Student coach Roos-Veerle Krijnen also helps students and alumni through coaching, meditation, and yoga. She says that highly educated people are especially focused on being rational and have a tendency to ignore their emotions. ‘In students, this often results in heavy drinking or drug use’, Krijnen explains. ‘But with mindfulness, we try to make you focus on your thoughts in a positive way instead of ignoring them.’
She knows all about the scepticism surrounding mindfulness. ‘Even I was cynical. But then I started to notice its effects on my body and mind and how much better I began to feel’, she says.
Hippie image aside, mindfulness is a proven technique and a popular way to treat depression, says professor of psychiatry Hans Ormel. ‘Its effects on mood disorders is practically the same as that of antidepressants. This kind of therapy gets the same results as those caused by the chemical substance in the pills.’
Meditation can free yourself from negative thought patterns
Cognitive modelling lecturer Marieke van Vugt, who practises mindfulness herself, knows that people who engage in intense meditation have an easier time focusing. She simulates cognitive processes such as focusing with computer models. ‘When you learn to meditate, you learn to check whether you are focusing on the things you want to focus on. It allows you to become better aware of your thoughts’, she says.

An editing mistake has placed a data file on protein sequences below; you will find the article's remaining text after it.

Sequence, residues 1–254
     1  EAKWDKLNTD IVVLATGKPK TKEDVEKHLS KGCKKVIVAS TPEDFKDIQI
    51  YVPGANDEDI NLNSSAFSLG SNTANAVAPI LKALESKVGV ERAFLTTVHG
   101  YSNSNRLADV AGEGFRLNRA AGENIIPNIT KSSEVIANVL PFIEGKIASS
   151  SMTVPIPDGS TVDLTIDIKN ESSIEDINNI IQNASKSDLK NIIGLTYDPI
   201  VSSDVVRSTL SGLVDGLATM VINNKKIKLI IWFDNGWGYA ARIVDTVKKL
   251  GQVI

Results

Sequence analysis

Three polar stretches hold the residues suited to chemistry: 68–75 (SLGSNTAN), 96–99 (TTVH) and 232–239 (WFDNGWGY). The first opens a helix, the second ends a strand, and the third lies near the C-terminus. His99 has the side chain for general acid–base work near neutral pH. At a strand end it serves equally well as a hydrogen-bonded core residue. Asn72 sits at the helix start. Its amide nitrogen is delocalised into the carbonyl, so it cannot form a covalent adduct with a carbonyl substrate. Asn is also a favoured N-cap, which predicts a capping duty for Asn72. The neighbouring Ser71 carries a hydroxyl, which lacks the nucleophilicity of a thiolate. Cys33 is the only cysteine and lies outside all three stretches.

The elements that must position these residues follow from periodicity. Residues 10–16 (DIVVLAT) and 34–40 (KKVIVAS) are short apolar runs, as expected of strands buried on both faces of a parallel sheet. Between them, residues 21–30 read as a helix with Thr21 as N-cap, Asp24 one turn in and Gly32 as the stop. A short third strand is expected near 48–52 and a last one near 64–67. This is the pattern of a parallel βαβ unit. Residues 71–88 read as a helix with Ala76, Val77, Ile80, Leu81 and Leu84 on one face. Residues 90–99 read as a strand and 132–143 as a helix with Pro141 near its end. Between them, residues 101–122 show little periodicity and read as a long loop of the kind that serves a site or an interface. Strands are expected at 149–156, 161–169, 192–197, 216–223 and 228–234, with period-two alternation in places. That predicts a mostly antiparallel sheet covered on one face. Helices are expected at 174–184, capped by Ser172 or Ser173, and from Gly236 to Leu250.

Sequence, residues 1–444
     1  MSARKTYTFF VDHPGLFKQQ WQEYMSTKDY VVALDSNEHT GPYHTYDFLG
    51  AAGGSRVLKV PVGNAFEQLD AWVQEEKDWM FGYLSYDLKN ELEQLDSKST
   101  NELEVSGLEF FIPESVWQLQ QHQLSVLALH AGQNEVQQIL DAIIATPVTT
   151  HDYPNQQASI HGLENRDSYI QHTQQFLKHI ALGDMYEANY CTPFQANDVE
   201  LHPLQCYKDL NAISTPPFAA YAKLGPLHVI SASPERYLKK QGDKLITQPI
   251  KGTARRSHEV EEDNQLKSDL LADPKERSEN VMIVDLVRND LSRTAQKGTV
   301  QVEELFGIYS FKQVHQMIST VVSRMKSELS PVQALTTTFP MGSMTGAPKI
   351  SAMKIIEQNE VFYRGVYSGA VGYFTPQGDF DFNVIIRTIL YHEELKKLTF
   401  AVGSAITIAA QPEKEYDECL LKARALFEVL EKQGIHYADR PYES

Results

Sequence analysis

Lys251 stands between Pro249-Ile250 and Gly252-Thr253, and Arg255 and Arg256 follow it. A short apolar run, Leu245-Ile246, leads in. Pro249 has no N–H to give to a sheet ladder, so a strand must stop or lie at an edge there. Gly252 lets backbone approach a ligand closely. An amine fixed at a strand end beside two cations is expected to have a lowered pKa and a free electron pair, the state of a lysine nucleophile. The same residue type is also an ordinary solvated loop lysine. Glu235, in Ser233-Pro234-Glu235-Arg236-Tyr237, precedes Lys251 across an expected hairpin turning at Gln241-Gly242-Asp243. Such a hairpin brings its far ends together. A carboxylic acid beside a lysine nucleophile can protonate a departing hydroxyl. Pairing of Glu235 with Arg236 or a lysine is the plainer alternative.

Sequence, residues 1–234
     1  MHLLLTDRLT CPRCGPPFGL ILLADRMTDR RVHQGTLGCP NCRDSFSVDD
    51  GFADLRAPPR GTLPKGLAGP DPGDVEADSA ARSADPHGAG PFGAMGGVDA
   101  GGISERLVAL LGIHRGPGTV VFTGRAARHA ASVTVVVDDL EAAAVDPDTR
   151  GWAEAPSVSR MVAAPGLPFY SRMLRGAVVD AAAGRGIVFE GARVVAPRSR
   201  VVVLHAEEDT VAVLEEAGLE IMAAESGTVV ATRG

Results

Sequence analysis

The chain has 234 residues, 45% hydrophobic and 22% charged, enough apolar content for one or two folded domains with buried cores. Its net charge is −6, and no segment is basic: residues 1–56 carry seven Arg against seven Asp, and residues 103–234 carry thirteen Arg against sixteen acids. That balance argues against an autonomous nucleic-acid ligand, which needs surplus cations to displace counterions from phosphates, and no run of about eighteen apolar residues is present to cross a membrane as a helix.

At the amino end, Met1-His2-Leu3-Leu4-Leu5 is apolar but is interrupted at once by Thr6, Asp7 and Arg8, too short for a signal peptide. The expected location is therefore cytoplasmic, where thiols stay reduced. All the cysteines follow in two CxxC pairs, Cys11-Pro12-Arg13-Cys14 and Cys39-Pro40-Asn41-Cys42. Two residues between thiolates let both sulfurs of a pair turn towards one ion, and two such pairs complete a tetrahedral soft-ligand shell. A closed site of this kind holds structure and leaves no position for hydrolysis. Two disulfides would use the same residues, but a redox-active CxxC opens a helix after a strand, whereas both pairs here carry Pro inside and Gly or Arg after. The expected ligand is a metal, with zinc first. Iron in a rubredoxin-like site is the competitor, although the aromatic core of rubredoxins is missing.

She likes to call it ‘getting in touch with your mind’. ‘Meditation teaches you to be more flexible in how you respond to things and to worry less. You become more aware of what you are focusing on and can free yourself from negative thought patterns.’
In short, mindfulness really does work. But no one really knows how it works. ‘One recent study showed that people who practise intense meditation have more control over their posterior cingulate cortex, an area in the brain we think might regulate our sense of self’, says Van Vugt.
Better control over this portion of the brain means you can focus more on what’s important to you, allowing you to work more efficiently, or to handle challenges better. As Krijnen says to her clients: ‘You have to do it yourself, but you don’t have to do it alone.’
Would you like to try mindfulness?
If you’re broke or you’d rather not do mindfulness with other people around, or you’ve already taken a course and you just need a refresher, try the apps Headspace or Omvana.